Overview: Careers and College Majors
A college major is a field of study you choose to learn more about in college. For many students, what they study in college is directly related to the career they wish to pursue after college. However, for other students what they study in college is related to their gifts, talents, or interests. However, the type of career and college major you choose to pursue, AFTER high school, should influence the classes you take, grades you earn, activities in which you become involved, leadership roles that you assume, and community service in which you engage. In essence, the path you are interested in pursuing, AFTER high school should influence the path that you take throughout middle school and high school. You may choose to pursue a college major to further explore a gift, talent, or area of interest (art, music, dance, or philosophy); you may choose to pursue a college major that will immediately prepare you to enter directly into a career after receiving your undergraduate degree (e.g., actuarial science, accounting, or finance); or you may may enter college as an ‘undeclared’ major so that you can explore different classes and fields of study prior to choosing a career pathway. However, many college and scholarship applications will ask you to describe your future college or career aspirations. Consequently, what you learn through this activity will not only prepare you to answer such questions, but assist in guiding your pathway throughout middle and high school.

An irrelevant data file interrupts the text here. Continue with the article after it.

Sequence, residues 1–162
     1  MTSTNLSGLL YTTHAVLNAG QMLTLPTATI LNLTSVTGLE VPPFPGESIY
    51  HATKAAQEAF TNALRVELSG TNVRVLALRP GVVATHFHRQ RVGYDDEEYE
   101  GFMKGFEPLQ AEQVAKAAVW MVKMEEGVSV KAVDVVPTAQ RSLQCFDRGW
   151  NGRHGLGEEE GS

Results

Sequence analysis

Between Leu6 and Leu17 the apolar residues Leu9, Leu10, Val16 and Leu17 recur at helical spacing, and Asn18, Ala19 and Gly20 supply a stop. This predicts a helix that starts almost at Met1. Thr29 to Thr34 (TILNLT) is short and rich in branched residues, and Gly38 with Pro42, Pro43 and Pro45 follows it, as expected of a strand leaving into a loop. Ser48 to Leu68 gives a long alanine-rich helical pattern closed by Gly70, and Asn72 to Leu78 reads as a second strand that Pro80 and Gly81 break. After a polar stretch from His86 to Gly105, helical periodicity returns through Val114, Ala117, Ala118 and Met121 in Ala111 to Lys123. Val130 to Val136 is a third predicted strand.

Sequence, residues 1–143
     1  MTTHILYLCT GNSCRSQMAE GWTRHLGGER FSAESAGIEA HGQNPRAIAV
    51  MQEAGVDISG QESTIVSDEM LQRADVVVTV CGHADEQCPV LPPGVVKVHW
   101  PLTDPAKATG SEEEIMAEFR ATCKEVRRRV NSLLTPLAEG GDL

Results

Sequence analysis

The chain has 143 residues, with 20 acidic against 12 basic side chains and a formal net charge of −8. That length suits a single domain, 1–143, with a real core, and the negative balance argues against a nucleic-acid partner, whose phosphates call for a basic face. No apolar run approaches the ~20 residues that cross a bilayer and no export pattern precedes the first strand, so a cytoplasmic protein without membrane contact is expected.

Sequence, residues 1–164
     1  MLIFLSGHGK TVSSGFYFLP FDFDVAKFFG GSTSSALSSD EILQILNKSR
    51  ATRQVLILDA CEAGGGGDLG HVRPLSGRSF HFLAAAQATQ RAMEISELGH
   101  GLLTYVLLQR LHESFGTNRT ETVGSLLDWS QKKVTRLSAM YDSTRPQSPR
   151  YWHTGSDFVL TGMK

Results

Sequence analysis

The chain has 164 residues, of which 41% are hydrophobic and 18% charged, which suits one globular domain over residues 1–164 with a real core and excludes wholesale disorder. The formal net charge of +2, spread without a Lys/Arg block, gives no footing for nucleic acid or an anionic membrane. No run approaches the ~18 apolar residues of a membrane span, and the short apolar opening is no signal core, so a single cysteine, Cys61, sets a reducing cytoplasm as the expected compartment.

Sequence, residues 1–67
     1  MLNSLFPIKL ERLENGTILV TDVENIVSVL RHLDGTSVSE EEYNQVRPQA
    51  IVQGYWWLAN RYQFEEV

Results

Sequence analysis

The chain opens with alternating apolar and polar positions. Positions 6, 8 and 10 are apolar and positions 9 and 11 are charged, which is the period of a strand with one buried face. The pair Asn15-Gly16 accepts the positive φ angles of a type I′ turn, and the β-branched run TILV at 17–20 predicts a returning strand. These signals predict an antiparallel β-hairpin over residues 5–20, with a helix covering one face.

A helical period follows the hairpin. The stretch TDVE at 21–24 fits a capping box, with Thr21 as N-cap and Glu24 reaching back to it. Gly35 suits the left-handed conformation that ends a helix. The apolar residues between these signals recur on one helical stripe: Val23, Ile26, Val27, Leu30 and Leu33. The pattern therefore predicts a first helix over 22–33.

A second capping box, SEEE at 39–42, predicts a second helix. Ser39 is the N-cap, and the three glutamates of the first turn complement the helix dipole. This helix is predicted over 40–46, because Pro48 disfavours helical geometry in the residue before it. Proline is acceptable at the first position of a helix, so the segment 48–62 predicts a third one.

- Identify the types of college majors and careers aligned with your educational or career interests.
- Identify the best colleges for pursuing your college major.
- Identify the long-term earnings potential of college majors and future job prospects for associated careers.
- What careers or college majors are associated with my gifts, talents, or aspirations?
- How do I identify the best colleges for my college major?
- What are the future job prospects associated with my career choice and what is the long-term earnings potential?